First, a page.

The World Bank announced in a statement Friday to suspend some of its aid programs to Mali after the military overthrew the regime of President Amadou Toumani Toure.
"Our cooperation programs have been suspended, except emergency aid. We shall continue to monitor the situation," the statement said.
The World Bank and the African Development Bank (AfDB) have condemned the military coup and have called for a quicker resolution of the crisis and a re-establishment of the legitimate government in order to safeguard the country's development achievements.
The National Committee for Redressment of Democracy and Restoration of the State (CNRDR) said Thursday morning through the Malian radio and television that Toure's regime had been overthrown.
"With this overthrow, the Constitution has been suspended and republican institutions have been dissolved," said lieutenant Amadou Konare, spokesman of the committee.
He also announced that an inclusive government of national unity will be formed soon to organize elections as soon as possible.
According to a loyalist military source, Toure is currently in a military camp from where he is leading his soldiers.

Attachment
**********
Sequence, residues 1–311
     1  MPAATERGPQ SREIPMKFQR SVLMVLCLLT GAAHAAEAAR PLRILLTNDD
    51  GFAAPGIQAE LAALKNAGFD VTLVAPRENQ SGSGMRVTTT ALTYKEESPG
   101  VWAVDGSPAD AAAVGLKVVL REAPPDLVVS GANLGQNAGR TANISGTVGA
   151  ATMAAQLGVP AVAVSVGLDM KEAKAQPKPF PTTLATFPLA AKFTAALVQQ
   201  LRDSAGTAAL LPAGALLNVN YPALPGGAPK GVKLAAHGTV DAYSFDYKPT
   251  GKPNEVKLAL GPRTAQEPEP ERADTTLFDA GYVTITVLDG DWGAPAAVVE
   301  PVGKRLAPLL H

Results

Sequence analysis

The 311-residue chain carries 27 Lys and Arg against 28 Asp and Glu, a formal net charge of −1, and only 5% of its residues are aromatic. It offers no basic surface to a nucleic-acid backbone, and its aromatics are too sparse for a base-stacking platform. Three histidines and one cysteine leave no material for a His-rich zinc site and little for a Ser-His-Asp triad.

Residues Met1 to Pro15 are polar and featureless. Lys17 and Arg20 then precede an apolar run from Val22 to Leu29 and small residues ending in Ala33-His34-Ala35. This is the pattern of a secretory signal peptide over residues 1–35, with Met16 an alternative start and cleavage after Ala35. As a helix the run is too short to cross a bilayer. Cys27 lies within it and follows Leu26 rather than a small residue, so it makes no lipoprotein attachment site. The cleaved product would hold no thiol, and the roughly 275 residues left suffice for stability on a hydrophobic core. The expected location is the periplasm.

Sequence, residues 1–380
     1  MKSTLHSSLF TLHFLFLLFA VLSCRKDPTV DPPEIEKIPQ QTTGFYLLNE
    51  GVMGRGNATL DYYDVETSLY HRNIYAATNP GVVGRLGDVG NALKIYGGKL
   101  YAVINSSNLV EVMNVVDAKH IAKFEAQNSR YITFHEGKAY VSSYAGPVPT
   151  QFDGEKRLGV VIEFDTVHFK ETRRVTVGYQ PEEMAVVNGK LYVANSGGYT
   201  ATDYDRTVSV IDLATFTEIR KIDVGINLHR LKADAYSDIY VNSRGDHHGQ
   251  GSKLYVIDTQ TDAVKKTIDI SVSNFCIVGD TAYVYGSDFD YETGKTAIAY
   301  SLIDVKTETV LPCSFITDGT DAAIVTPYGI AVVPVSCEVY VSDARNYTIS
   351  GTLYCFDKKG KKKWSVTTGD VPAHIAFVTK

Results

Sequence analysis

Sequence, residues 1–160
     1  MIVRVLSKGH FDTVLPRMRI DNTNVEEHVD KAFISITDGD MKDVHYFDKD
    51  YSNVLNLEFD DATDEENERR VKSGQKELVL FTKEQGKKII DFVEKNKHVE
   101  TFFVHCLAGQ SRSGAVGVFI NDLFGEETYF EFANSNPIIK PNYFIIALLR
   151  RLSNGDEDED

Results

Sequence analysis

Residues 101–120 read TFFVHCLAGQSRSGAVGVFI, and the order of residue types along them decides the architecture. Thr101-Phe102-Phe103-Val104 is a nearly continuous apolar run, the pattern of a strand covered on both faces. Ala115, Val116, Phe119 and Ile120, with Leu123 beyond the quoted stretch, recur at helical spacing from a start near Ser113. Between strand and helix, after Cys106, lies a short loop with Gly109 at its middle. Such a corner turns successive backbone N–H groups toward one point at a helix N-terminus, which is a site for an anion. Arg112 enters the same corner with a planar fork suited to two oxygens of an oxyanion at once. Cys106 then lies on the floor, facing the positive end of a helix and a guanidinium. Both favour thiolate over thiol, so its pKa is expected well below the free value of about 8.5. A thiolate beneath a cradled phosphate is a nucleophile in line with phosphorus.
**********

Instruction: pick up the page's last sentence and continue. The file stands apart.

The United Nations, the African Union, the Economic Community of West African States (ECOWAS) as well as a number nations including the United States, France and Nigeria condemned the coup in the West African nation, calling for the return of democracy.
Meanwhile, the U.S. State Department has said that it will review its annual aid worth over 100 million U.S. dollars to Mali after soldiers staged a coup in the country.
The rebel soldiers announced through Malian radio and television at 4:40 a.m. local time on Thursday that they stormed the presidential palace, arrested some of the government ministers and toppled Malian President Amadou Toumani Toure.
They declared a curfew in the country and the suspension of the governmental institutions, saying that an inclusive government of national unity would be formed to organize fresh polls as soon as possible.